Utilizing an Employee Assistance Program to Combat Drug Abuse in the Workplace
There's an opioid addiction epidemic in our society, and it affects people from all walks of life, including your employees. Abuse of opioid painkillers like Vicodin and OxyContin—often legally obtained by a physician—has reached crisis levels and opened the gateway to use of other drugs. Companies need to stay current with drug testing policies and expand existing testing panels to include commonly prescribed medications (opioids), as well as illicit drugs and alcohol. By testing for prescription drug abuse, an employer is, in essence, offering employees access to help and treatment. But while establishing a drug testing policy is important, it's often a limited first step. After all, a drug test only identifies use of a drug, not how to address the addiction or prevent one from developing. That's where an employee assistance program (EAP) can help.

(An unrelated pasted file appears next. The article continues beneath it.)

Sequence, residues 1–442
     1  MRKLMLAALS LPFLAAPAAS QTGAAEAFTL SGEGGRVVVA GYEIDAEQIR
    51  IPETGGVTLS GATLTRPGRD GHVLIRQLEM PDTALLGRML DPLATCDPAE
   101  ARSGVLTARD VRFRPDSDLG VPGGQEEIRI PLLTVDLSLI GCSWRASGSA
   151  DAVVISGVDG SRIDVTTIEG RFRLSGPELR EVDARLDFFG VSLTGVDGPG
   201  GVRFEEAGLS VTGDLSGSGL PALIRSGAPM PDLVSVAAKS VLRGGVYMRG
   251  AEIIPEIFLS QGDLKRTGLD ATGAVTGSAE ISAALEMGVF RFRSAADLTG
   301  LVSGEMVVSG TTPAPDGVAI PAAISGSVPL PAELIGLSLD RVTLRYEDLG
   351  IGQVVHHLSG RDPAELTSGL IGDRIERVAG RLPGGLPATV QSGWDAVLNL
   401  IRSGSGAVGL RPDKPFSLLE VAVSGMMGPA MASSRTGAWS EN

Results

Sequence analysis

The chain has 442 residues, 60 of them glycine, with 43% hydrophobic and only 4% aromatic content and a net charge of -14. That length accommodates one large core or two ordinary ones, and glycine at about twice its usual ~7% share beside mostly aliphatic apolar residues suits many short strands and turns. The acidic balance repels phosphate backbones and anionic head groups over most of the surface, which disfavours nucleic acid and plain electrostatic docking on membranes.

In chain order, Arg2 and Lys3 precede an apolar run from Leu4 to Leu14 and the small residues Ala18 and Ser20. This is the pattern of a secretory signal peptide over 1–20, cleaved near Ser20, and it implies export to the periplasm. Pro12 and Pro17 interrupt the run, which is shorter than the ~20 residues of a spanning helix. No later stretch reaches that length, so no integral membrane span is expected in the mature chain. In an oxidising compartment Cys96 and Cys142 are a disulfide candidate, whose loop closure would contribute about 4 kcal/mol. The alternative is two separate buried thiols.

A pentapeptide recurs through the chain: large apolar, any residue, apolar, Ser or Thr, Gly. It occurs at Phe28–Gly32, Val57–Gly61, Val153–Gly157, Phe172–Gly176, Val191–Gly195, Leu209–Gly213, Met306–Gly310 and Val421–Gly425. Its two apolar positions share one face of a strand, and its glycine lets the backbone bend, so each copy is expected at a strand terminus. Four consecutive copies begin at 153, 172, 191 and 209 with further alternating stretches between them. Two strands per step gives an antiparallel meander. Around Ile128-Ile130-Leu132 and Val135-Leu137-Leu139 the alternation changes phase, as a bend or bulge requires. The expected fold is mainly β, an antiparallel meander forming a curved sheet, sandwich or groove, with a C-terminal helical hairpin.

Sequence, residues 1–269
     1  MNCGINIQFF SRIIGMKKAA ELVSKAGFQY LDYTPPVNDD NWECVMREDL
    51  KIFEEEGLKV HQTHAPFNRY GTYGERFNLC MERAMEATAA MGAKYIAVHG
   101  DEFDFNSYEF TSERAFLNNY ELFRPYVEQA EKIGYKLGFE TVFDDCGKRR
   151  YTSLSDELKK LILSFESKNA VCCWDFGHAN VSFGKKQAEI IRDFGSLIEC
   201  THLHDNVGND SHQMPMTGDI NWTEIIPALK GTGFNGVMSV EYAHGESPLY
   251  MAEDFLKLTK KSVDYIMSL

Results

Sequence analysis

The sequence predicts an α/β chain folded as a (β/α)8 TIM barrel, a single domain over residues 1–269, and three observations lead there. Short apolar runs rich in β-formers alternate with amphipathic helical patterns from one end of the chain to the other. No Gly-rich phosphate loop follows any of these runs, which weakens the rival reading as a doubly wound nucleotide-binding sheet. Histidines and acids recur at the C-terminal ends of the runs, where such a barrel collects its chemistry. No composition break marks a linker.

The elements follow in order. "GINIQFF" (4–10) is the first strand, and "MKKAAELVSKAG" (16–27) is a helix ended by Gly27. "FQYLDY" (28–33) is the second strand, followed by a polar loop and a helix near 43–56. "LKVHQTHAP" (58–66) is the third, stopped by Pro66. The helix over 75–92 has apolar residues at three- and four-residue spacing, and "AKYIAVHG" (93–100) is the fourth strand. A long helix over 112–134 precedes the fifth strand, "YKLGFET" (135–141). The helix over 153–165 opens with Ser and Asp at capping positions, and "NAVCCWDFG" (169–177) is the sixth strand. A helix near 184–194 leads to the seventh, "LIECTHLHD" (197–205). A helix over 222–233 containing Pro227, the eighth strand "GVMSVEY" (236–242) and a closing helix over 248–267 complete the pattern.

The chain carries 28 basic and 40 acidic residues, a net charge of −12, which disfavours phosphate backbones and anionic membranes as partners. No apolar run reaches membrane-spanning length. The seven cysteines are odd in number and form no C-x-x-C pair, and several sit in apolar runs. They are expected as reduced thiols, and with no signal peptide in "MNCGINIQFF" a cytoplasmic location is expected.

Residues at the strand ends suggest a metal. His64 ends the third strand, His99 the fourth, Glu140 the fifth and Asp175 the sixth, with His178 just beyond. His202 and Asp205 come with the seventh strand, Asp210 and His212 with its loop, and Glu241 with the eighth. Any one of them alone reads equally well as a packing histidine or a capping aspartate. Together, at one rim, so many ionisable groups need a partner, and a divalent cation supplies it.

EAPs became popular in the early 20th century as a way to combat workforce substance abuse, particularly industrial alcoholism. An EAP often serves as an extension of a company human resource team and provides a confidential outlet for employees who need assistance with a variety of life concerns, one of which is substance abuse. Having such a program available tells your employees that the company is not only invested in rooting out drug use, but is also invested in improving employees’ health and well-being.